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French Literature Of The 19th Century:

 De Tocqueville

 Literature Under The Empire 1852-1870




 The Rise Of Realism

 Literature Under The Republic-1870-1899



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Literature Under The Republic-1870-1899

( Originally Published Early 1900's )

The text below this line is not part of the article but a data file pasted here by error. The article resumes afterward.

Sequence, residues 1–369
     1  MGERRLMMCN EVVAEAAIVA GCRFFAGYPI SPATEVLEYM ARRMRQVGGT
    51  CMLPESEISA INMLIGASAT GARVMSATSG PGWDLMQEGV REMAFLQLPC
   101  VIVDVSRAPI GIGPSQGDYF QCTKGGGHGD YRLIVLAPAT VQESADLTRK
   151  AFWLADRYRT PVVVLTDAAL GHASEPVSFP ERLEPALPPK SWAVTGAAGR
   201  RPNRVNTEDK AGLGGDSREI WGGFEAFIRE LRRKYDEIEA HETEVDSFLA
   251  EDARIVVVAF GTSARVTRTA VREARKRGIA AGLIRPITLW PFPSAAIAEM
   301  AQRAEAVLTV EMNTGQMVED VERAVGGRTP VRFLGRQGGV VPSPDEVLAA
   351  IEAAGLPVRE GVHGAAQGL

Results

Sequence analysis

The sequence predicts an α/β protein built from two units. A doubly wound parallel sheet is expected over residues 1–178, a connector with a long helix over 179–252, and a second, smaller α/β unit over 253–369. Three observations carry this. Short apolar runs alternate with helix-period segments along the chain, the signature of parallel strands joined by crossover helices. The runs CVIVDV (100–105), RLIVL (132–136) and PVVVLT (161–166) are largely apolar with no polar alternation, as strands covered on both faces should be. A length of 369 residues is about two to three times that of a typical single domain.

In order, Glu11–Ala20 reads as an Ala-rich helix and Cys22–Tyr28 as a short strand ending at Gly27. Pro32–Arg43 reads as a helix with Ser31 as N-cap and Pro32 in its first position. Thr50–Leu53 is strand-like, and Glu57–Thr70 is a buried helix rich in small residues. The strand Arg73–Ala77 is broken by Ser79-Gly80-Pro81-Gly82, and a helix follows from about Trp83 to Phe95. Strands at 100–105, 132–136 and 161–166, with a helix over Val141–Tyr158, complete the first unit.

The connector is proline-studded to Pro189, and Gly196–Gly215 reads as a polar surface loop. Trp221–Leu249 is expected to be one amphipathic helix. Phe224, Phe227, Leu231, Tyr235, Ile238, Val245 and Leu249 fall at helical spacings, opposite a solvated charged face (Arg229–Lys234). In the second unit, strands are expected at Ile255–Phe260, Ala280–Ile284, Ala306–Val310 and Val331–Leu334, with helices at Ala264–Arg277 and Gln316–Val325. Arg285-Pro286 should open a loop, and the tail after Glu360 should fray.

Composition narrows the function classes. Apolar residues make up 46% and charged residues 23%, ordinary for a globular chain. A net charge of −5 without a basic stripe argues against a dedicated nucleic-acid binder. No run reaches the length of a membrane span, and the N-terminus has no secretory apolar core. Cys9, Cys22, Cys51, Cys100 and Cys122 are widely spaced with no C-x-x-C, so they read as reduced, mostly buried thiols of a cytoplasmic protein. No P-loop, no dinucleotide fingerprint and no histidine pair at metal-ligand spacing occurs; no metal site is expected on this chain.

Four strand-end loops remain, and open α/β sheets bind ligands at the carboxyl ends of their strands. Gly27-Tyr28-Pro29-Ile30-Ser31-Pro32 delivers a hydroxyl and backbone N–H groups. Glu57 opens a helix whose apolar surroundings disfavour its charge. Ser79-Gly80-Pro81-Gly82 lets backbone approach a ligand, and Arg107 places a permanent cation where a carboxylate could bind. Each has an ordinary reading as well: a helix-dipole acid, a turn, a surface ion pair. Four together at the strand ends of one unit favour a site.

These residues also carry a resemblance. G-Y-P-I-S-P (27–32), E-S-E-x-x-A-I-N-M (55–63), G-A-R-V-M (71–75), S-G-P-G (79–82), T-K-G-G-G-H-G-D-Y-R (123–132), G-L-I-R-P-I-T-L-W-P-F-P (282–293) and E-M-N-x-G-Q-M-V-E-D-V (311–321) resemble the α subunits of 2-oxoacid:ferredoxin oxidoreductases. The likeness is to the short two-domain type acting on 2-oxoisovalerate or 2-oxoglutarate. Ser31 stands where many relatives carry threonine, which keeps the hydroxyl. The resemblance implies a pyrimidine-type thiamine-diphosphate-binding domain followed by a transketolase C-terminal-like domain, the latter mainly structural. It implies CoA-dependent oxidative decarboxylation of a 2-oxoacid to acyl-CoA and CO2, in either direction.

Giving precedence to fiction over serious literature, the extraordinary work done by Jules Verne is entitled to first notice. Beginning as a writer of comedies, he turned in 1863 to a Poe-like romance, "Cinq Semaines en Ballon" (Five Weeks in a Balloon), the start on a trail peculiarly his own. He can now point to books that average nearly one for each year of his life. This is the more wonderful because they have demanded harder and drier study in their composition than the average novel. Verne had an aptitude for the learning necessary to successful exploration, as his books on travel bear witness. Having hit on the notion of substituting achievements and possibilities of science for magical absurdities, he set to work and devised a series of modern Arabian Nights Entertainments which are worthy to rank alongside those master-works of Eastern genius. His books need not be named, they are well known to old and young, and are in no danger of being forgotten or surpassed. By the exercise of a strictly matter-of-fact wizardry, prosaic to the last degree, he compels a not unwilling credence to the wildly impossible, trading on popular faith in the potential omnipotence of science to-morrow. In a way this trick borders on the poetical without touching it, though the reader may find himself projected far into the domain of fantasy when he has closed the book. If novels of life and manners played no worse pranks with our imagination than these of Verne, there would have been much less mischief and more happiness to lay to the account of fiction.

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